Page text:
May '09 Reader Tips

The latest collection of great ideas sent in by SWS readers

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Broken Rod, New Gaff
Here's a way to breathe new life into broken fishing rods you might have lying around. Roughen up the last 6 inches of the rod blank with a piece of coarse sandpaper. 1 Lay a large hook, such as a 10/0 siwash, next to the broken end of the fishing rod so the bend of the hook overhangs the blank by about a half-inch. 2 Using adhesive-linedheat-shrink tape, start wrapping in an overlapping fashion from the hook eye to the end of the blank and then back up. 3 When finished, use a lighter to heat the shrink tape until the adhesive melts and the tape contracts.

Robert Marcoux
Warwick, Rhode Island

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Reely Organized
I figured out this simple, cheap way of storing and organizing reels vertically on a wall or in a cabinet. Start with a 1/2-inch PVC pipe (the length of this piece depends on how many reels you want to store). Then cut a second, 3/4-inch PVC pipe into 2 1/2-inch long sections that will form the "reel seat." Take one of the sections, place it on the 1/2-inch pipe, and secure it at the top end of the pipe by drilling a hole and inserting a bolt or cotter pin. Take another section of 3/4-inch PVC and place it on the 1/2-inch pipe, followed by a third section. Measure the distance needed for the reel seat and secure the third piece to the 1/2-inch pipe. Multiple stations can be made, and the whole unit may be fastened to a wall using screws. When ready to store your reels, place the bottom of the reel seat on the fixed section of pipe, then slide the moving piece over it to secure it in place.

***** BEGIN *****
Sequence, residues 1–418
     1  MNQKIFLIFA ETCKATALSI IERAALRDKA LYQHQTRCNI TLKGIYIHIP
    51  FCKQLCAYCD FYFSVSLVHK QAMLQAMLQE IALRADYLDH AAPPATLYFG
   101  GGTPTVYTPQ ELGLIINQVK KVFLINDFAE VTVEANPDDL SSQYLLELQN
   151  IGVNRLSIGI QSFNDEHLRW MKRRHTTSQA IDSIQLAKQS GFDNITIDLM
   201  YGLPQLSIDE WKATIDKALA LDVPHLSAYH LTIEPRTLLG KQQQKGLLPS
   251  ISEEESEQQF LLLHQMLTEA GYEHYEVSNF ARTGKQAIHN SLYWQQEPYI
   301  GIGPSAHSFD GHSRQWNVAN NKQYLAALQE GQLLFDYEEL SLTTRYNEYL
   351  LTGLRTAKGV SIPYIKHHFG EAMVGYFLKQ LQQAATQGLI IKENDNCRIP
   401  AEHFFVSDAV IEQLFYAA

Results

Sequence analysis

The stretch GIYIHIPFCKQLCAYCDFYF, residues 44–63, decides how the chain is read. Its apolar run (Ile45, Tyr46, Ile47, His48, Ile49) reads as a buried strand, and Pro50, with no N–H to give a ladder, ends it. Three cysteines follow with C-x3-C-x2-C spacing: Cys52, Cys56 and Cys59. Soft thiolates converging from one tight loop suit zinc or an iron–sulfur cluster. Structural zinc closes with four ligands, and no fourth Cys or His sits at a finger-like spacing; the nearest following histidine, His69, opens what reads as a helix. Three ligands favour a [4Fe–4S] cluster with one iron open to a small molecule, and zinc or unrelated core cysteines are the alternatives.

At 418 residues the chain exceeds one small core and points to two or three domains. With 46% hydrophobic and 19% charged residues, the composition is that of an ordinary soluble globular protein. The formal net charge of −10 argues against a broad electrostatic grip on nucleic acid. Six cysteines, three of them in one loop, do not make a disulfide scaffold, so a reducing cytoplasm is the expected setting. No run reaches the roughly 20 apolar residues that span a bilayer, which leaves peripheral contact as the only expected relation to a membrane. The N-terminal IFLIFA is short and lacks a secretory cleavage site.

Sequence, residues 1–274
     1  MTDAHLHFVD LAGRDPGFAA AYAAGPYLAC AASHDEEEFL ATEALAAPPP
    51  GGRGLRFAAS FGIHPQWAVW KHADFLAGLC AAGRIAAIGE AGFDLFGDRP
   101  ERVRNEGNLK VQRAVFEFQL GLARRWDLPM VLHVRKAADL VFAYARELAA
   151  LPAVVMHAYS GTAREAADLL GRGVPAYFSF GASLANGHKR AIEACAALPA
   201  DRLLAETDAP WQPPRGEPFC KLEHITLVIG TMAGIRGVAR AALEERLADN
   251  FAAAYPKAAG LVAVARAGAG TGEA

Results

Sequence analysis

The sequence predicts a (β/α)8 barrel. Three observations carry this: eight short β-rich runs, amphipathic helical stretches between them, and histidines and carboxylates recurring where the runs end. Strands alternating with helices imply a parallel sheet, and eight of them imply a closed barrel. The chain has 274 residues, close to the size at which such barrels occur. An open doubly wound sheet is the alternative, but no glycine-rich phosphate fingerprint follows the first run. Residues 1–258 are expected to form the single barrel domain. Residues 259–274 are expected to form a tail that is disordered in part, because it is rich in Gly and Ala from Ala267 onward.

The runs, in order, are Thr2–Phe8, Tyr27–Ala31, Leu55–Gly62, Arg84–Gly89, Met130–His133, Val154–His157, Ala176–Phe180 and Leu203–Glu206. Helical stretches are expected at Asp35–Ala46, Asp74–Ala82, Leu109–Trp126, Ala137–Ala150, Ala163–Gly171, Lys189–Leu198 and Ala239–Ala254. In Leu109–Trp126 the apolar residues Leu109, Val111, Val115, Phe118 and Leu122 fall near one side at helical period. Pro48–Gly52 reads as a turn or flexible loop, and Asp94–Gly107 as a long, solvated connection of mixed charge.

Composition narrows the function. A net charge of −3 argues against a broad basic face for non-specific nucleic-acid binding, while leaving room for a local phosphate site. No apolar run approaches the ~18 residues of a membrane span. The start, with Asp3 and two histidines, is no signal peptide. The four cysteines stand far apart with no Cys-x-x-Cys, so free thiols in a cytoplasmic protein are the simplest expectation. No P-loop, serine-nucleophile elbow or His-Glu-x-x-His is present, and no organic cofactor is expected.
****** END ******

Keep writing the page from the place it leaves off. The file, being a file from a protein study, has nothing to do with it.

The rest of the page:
Miro Poss
Orlando, Florida

Heavy Metal

It's often tough to extend the life of soft plastics. After a couple of bites, they're hard to keep on the hook. I've tried toothpicks, super glue ­­- you name it. I learned this simple tip from a fishing guide in my area, Bobby Abruscato: Remove the lure from its existing head or hook and insert an Old Bayside Heavy Hook (lindyfishingtackle.com). The large-diameter ribbed lead running down the shank of the hook keeps the bait in place and prevents it from slipping. This works with plastic shrimp, jerkbaits or paddle-tails.

Thomas Brooks
Mobile, Alabama